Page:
Tohono O’odham Nation of Arizona

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Leadership

Ned Norris Jr., Chairman
Wavalene M. Saunders, Vice Chairwoman
Legislative Council

(updated July 2023)

Contact Information

Address: PO Box 837

Sells, AZ 85634

Phone: 520-383-2028

Health and Human Services Executive Director:

Veronic Geronimo veronica.geronimo@tonation-nsn.gov

Education Executive Director:

Jeffers Choyguha jeffers.choyguha@tonation-nsn.gov

Tribal Historic Preservation Officer:

Peter Steere peter.steere@tonation-nsn.gov

Tohono O'odham Institutional Review Board:

irb@tonation-nsn.gov

Website

GOVERNANCE: Three independent branches of government include; Executive (Chairman and Vice-Chairwoman), Legislative (Tribal Council with two representatives from each of the 11 Tohono O'odham districts), and Judicial (Courts and Judges).

The Chairman and Vice-Chairwoman (Executive Branch), and Tribal Council representatives are elected for staggered 4-year terms. Elections are held in odd years. The Tribal Council elects from its own membership a Legislative Chairman and Legislative Vice-Chairman to serve 2 years. The Tribal Council representatives each serve on three of the Legislative Councils 12 standing committees.

Each of the eleven districts has its own governing district council with at least five representatives, including a chairman and vice-chairman. Each district governs itself in matters of local concern.

The Tribal Council meets monthly for 5-day general sessions.

The Tohono O'odham Nation resides in Congressional District 3, Legislative District 4. 


If you are interested in doing research with Tohono O'odham Nation, visit the Institutional Review Board website for more information.

CONSTITUTION AND RESEARCH GUIDELINES: 

 


COMMUNITY PROFILE: The Tohono O'odham Nation, "People of the Desert," have lived in the region for more than 10,000 years. The federally-recognized sovereign nation was greatly affected by the legacy of the 1853 Gadsden Purchase, which split their lands between the United States and Mexico. Twentieth-century federal policies of forced relocation moved numerous Tohono O'odham families outside of Arizona, yet many continue to live in the Sonoran desert of their ancestral lands. Prior to the 1980s, the Tohono O'odham were known as the Papago Tribe.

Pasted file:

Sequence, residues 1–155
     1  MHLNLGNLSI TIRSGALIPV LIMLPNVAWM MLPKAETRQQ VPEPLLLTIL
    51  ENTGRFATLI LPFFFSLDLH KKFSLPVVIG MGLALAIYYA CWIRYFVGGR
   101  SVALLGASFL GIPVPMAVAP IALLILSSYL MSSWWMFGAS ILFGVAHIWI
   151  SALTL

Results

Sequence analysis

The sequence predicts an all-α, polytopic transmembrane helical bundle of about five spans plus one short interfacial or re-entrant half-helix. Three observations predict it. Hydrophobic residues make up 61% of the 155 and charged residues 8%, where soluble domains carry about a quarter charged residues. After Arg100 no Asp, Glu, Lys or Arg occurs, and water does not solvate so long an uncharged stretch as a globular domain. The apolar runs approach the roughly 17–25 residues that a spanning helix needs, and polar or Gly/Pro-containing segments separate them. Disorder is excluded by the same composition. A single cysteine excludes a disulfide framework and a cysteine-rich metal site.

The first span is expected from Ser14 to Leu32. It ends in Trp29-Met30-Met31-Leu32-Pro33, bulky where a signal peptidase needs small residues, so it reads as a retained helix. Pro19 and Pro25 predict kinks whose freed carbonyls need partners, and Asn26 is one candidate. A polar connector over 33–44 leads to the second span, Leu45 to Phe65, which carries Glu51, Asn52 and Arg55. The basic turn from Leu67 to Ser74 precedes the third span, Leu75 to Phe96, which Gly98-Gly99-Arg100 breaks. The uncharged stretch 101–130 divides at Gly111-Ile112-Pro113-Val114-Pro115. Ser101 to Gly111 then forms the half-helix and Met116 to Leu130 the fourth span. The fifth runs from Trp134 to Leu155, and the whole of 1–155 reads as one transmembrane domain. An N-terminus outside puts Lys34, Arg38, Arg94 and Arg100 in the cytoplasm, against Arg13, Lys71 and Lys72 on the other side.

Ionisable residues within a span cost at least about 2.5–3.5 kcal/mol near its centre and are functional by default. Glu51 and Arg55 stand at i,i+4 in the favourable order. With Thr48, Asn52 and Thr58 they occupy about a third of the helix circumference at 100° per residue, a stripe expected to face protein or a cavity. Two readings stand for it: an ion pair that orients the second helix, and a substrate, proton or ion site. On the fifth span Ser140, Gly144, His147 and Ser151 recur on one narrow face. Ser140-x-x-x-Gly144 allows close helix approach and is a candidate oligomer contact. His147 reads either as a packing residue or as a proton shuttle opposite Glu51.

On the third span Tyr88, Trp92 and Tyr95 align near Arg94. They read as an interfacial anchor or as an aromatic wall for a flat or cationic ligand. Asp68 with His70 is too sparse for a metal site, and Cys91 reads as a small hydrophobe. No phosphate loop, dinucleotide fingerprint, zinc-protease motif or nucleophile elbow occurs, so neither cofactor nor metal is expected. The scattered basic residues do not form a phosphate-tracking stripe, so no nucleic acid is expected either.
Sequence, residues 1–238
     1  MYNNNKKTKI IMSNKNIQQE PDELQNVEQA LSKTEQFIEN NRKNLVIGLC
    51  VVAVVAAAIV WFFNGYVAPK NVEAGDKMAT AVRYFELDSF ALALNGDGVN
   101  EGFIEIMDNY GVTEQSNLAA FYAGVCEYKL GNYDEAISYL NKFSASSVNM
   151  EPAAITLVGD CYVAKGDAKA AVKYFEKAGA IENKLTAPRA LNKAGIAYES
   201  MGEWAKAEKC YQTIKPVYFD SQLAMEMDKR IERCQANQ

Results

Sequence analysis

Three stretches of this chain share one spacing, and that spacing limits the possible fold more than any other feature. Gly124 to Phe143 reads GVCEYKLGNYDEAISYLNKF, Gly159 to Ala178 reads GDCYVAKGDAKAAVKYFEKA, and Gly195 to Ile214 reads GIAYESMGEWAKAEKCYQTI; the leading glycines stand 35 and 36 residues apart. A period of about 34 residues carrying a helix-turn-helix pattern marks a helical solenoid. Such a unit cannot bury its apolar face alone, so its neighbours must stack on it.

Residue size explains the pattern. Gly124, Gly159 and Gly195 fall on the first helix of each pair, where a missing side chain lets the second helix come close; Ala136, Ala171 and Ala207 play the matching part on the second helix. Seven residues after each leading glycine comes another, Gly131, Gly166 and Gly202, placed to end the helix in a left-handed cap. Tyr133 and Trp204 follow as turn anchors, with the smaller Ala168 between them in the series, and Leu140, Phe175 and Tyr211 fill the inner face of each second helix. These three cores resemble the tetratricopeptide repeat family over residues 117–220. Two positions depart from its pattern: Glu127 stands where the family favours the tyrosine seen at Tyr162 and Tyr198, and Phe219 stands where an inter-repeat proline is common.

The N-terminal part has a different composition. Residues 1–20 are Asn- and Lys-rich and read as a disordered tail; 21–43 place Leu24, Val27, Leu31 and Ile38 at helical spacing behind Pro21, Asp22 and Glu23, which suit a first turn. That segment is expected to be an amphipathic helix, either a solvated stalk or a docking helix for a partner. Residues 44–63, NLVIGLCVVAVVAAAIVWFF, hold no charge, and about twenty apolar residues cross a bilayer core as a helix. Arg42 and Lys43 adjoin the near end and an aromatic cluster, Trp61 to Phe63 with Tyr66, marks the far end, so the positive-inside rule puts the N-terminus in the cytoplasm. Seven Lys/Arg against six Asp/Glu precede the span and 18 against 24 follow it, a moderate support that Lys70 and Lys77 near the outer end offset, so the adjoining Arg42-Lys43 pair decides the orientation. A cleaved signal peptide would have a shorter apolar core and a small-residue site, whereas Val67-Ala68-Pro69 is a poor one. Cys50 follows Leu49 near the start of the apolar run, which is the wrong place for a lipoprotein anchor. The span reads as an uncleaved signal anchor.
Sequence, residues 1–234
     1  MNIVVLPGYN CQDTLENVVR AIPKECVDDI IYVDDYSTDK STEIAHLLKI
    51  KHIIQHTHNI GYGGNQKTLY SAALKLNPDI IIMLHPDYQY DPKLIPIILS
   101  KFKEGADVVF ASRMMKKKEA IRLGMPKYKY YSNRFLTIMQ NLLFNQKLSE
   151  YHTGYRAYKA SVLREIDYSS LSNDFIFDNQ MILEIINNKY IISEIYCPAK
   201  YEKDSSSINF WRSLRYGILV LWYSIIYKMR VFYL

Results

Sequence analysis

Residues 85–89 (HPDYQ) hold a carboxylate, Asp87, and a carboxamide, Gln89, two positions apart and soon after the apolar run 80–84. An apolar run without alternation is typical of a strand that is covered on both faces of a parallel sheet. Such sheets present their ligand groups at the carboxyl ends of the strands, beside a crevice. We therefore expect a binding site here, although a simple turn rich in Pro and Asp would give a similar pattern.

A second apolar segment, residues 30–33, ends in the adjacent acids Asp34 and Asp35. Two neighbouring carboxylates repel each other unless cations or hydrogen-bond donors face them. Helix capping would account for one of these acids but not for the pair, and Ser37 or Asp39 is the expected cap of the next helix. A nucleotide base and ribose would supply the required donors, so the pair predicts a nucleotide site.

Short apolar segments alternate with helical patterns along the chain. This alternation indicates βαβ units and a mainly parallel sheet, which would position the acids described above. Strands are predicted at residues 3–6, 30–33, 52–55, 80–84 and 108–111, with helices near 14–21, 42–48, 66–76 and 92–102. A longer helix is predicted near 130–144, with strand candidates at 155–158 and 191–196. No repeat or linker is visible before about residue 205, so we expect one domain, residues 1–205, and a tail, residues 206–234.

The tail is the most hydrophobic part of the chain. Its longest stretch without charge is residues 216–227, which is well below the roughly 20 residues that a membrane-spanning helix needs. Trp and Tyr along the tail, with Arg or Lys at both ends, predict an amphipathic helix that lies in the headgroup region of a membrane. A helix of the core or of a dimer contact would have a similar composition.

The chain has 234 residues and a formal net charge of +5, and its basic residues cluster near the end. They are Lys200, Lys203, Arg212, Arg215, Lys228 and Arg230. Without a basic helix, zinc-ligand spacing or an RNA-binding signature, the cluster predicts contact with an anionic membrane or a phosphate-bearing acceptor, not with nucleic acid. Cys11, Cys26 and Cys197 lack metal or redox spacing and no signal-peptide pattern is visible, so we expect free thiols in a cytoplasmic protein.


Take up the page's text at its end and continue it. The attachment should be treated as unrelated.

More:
The Nation is comprised of four distinct segments. The largest of these (the Tohono O'odham Reservation) is located 63 miles west of Tucson, Arizona, and is more than 2.8 million acres. San Xavier, the second largest land base, is 71,095 acres. Smaller areas are the San Lucy District (near Gila Bend, AZ), and Florence Village (near Florence, AZ). The Tohono O'odham Nation is organized into 11 districts with Sells, Arizona, functioning as the Nation's capital. 

The Tohono O'odham Nation operates a two-year accredited community college in Sells, Arizona, offering numerous degrees, certificates, and other credentials. Principal economic activities include tourism - most notably the Mission San Xavier del Bac - and three casinos. The casinos employ more than 1,200 Native American and non-Native people.  The Nation also operates other facilities, such as the Tohono O'odham Utility Authority, Tohono O'odham Economic Development Authority, and the Tohono O'odham Gaming Enterprise. 

According to the U.S. Census Bureau 2017-2021 American Community Survey, the population of the Tohono O'odham Nation Reservation and Off-Reservation Trust Land is 10,106. The following document provides a Census snapshot of the Tohono O'odham Nation with comparisons to the state of Arizona and the United States as a whole.

Note: When interpreting data for small populations or rural areas, it is important to note the margin of error which is provided where possible. The margin of error can be interpreted as providing a 90 percent probability that the true value lies within the estimate plus and minus the margin of error.

First Things First is Arizona's early childhood agency, providing health screenings and a variety of services across the state. Included here are two of their most recently available reports on the Tohono O'odham Nation.